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Evaluation of radiology resident well-being at a single institution with a dedicated wellness curriculum.

Clinical Imaging 2024 May 17
INTRODUCTION: Increasing rates of physician burnout over recent years have resulted in the need for formal tools and programming dedicated to physician well-being. The Accreditation Council for Graduate Medical Education (ACGME) has taken measures to prioritize trainee well-being by revising its common program requirements. Widespread departmental initiatives have been developed in line with these changes. At the authors' institution, a committee was developed to design and implement a holistic wellness curriculum for radiology trainees.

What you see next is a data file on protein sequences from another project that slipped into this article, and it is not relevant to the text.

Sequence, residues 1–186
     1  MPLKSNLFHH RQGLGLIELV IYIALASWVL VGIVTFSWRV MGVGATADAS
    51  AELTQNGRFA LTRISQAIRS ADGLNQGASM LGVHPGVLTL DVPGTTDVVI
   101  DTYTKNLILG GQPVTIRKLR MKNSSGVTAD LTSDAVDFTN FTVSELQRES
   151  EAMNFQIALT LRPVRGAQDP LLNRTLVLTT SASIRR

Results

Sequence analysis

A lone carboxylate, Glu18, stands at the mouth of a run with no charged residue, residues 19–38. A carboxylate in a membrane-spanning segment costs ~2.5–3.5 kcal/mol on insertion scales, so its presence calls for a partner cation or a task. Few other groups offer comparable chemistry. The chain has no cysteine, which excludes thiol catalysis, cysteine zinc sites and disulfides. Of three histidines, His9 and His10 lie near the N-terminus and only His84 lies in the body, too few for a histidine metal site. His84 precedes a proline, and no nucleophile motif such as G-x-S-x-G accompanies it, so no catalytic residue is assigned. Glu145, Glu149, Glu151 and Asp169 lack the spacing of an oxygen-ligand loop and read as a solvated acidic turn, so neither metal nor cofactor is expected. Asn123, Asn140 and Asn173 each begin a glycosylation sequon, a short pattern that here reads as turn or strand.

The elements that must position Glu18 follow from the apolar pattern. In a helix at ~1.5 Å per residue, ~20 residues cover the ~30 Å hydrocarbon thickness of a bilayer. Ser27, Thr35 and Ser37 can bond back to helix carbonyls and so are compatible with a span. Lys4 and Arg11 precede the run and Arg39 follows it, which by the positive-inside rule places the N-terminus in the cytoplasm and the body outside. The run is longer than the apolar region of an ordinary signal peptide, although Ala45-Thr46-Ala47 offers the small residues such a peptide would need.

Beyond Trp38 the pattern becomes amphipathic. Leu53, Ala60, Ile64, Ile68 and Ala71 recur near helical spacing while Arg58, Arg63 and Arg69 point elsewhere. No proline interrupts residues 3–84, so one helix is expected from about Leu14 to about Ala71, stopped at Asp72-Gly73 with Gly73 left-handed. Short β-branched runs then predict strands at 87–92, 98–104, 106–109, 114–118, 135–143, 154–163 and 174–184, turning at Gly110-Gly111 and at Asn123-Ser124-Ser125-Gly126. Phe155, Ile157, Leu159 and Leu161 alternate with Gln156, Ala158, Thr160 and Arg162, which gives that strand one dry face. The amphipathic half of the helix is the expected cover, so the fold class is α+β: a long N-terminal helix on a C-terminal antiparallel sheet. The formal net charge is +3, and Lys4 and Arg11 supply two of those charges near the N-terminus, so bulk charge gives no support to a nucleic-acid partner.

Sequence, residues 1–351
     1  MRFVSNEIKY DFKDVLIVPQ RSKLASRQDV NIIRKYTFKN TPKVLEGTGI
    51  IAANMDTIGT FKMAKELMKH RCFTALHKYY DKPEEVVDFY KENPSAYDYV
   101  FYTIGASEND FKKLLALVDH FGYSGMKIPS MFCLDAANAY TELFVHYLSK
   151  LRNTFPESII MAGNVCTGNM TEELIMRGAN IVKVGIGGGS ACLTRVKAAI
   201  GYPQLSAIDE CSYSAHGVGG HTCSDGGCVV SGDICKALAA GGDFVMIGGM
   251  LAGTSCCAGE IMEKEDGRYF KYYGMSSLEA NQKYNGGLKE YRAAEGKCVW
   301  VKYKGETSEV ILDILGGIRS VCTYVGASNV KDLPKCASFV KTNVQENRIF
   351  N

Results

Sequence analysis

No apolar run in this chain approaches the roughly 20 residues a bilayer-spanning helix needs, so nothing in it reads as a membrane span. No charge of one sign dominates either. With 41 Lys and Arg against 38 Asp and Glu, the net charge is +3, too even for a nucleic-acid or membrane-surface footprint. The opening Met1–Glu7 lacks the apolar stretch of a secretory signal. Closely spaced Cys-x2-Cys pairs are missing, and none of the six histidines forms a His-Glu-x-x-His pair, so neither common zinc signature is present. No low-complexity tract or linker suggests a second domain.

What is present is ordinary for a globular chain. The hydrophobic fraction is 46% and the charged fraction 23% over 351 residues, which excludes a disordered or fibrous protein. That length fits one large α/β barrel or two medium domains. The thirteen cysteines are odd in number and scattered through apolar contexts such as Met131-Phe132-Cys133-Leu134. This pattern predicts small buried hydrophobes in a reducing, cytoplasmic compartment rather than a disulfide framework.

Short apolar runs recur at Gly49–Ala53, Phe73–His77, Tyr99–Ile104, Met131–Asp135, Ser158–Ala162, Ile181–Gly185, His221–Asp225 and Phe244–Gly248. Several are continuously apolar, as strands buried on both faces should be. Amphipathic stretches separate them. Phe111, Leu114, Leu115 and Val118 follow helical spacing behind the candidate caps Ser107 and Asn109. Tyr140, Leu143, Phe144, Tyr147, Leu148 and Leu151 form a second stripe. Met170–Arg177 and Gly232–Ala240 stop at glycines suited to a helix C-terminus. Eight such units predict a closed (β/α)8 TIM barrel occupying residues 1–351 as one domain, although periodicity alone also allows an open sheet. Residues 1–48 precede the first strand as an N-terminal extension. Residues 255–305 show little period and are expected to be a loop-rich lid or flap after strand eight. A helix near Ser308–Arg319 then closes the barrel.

OBJECTIVE: The objective of this study was to assess overall well-being in a cohort of radiology residents at a training program with a dedicated wellness curriculum.

METHODS: A wellness curriculum for radiology residents was developed and implemented. Over a 3-year period, data was collected using the Maslach Burnout Inventory (MBI), Brief Resilience Scale (BRS).

RESULTS: Rates amongst respondents were low, compared to average, for emotional exhaustion (below 17, average 25.2), depersonalization (6, average 10), and of personal accomplishment were moderate to high (37.5, average 32.9). PGY-4 level residents had the highest rates of burnout (p = 0.042 for depersonalization, p = 0.006 for emotional exhaustion). PGY-4 residents also had the lowest rates of resilience based on the BRS, and PGY-3 the highest (p = 0.037). There were no statistically significant differences between gender or differing relationship status for MBI or BRS. The most commonly cited barriers to wellness practices included fatigue, competing responsibilities, and not knowing where to start.

CONCLUSION: Radiology residents at a single institution with a dedicated wellness curriculum demonstrated overall lower rates of burnout compared to their peers.

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